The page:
Michigan Keys on Offense:

Last year Michigan actually moved the ball pretty well against a fantastic Notre Dame defense.  But for 6 turnovers, we likely would’ve come away victorious and we could have continued printing “Notre Dame Returning to Glory Since 1993 T-Shirts”.   The strength of the Notre Dame lies in a solid front line led by nose tackle Louis Nix.  Nix will be going up against the weakest part of either of our lines in Glasgow, Miller and Kalis.  Michigan has to neutralize the ND line and in particular Nix to give Gardner time to pass and open up the interior run game.  If that can happen, it should be a fun night.

The other key for Michigan is to try to exploit the youth and inexperience in the ND linebackers and secondary.   Gardner is good enough to take advantage of this if he has time.  Don’t be surprised to see one more Michigan tight ends roaming free 15-20  yards downfield with an ND linebacker or safety completely out of position as young players tend to be from time to time.

Michigan Keys on Defense:

Notre Dame found itself in a bit of pickle when Everett Golson decided to let other people take his exams for him.  First, it looked really bad.  Second, they have a spread running offense with a QB who is meant to  throw the ball.  After what I’m pretty sure was 7 years of college, Cierre Woods finally graduated.  Along with the departure of Theo Riddick, ND’s best back is USC transfer Amir Carlisle.  Carlisle is a fast and shifty guy, but not a bruiser.  I like the matchup with our front 7 against him, as long as we limit the missed tackles.

The bigger thing to worry about for Michigan is Tommy Rees, who also seems to have been in college is George W. Bush was President.  Rees as previously mentioned is not a dangerous runner, but he does have very accurate and capable arm when he’s not turning the ball over.  Going against a young Michigan secondary could be fun for an experienced player like Rees.  Michigan has to get pressure on him and Greg Mattison has to pull some of that Jedi Mind stuff to coax Rees into some ill-advised throws.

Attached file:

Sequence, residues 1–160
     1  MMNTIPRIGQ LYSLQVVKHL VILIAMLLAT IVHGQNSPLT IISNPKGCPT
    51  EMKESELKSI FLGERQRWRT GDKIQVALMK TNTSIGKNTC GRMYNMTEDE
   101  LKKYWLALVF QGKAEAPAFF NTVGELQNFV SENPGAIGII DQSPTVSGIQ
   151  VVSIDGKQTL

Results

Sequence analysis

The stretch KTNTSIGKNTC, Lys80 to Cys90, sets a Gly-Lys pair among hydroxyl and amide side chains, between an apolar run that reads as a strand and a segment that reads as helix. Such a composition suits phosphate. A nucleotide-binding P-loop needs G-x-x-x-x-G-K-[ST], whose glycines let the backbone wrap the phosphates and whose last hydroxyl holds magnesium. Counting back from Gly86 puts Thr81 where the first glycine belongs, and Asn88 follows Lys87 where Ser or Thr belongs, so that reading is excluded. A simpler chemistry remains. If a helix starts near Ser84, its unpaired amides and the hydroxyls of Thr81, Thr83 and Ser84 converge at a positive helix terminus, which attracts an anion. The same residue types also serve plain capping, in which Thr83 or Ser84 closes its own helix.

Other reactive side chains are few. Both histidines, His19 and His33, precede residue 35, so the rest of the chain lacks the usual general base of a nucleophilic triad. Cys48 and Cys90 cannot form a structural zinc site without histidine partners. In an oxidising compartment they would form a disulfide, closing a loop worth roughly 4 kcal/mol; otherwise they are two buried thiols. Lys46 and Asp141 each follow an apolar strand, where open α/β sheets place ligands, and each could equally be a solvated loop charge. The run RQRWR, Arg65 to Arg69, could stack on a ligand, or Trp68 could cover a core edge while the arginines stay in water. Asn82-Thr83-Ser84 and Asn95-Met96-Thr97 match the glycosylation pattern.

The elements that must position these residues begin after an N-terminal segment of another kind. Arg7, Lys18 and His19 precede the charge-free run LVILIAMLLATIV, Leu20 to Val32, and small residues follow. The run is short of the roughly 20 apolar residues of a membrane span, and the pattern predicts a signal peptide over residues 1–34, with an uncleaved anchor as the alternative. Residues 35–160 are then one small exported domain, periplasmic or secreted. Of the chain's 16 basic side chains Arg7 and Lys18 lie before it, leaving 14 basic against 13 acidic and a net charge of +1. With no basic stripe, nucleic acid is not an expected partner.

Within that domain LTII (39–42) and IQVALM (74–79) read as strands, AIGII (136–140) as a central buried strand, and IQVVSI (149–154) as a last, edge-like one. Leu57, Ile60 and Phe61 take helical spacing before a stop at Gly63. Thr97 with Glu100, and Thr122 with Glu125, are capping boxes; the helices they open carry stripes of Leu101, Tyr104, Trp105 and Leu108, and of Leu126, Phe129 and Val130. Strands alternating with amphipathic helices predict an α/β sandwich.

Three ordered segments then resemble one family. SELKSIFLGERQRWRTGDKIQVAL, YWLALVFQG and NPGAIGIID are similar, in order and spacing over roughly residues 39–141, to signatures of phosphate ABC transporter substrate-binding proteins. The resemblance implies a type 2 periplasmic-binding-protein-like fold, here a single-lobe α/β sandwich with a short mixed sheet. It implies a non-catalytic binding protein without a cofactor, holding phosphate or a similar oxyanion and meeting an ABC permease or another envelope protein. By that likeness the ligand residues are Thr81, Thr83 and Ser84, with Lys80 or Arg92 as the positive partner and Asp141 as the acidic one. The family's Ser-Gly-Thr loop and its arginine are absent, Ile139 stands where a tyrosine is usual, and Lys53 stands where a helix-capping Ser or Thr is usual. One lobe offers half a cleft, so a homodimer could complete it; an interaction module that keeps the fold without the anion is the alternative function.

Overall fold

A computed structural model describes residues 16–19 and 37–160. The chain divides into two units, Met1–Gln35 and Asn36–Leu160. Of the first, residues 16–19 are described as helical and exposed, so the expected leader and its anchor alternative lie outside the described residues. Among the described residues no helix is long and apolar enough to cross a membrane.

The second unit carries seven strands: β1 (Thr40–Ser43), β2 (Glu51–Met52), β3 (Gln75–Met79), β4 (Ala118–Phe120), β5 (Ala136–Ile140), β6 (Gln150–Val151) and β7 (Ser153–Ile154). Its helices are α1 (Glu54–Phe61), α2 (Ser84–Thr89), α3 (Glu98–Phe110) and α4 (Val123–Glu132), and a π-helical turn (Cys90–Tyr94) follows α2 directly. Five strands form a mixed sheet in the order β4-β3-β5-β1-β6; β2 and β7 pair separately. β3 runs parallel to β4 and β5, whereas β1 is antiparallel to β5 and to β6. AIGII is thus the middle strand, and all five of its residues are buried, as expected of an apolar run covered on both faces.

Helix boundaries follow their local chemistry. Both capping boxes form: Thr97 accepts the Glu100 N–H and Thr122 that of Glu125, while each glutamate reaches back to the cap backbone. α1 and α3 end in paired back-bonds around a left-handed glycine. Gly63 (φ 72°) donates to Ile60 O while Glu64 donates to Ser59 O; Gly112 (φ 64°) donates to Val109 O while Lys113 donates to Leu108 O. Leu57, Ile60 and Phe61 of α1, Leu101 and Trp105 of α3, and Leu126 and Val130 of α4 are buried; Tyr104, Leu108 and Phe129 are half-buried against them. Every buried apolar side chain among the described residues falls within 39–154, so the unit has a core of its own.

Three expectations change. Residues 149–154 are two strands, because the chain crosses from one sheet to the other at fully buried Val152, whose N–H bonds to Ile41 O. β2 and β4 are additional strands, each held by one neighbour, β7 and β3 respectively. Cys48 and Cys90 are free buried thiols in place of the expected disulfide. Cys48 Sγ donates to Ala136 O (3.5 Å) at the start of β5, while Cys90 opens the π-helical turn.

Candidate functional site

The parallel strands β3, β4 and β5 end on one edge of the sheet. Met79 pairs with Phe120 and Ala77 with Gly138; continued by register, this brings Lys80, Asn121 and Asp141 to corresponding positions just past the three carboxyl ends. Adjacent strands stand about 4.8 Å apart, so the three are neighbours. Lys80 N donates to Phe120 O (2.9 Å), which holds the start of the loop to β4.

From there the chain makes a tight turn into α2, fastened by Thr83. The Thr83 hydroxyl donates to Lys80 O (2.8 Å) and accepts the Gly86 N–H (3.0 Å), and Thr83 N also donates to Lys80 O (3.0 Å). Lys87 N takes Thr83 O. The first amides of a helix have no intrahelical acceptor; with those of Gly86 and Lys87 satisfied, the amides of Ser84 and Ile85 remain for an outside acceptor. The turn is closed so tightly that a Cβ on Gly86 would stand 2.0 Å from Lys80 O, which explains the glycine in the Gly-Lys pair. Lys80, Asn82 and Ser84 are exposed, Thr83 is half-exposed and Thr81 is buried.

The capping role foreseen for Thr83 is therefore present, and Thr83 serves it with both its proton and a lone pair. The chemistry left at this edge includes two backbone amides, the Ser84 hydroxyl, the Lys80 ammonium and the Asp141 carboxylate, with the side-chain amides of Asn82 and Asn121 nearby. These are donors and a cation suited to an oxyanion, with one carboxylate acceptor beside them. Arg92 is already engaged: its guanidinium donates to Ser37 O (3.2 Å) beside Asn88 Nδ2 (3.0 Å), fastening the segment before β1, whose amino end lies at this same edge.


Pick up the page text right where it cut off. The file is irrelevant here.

Prediction Time:

Whenever Michigan and Notre Dame get together, it usually ends up being a tossup, regardless of the records or relative talents of the two teams.  Trying to predict the game is even harder when the teams are fairly appear to be evenly matched like so many say they are this year.

Here’s what I do know:

Notre Dame lost large portions of one of the best defenses in the country including Heisman finalist Manti T’eo and his girlfriend (wait, she didn’t actually exist?).   They also graduated their starting running back and no longer have their starting QB from last year available. Michigan may have lost Notre Dame superman Denard Robinson, but ND found its kryptonite last year and as I keep saying, Devin Gardner is going to make people forget about Denard rather quickly if they haven’t already.  (Not really, we’ll always fondly remember Denard, but you know what I mean).   Why is any of that important?  Because I’m not so sure these teams are evenly matched.  I think Michigan has more talent and more cohesiveness.  It’s not a huge difference, but its an advantage.

Throw in the pomp and circumstance, the night game crowd, the fact that Notre Dame may look good on offense and defense but has some serious question marks on special teams, and this one is Michigan’s for the taking.

I think it takes Michigan a quarter or so to settle down, but eventually they take control in the second half.

Michigan 28 

Notre Dame 20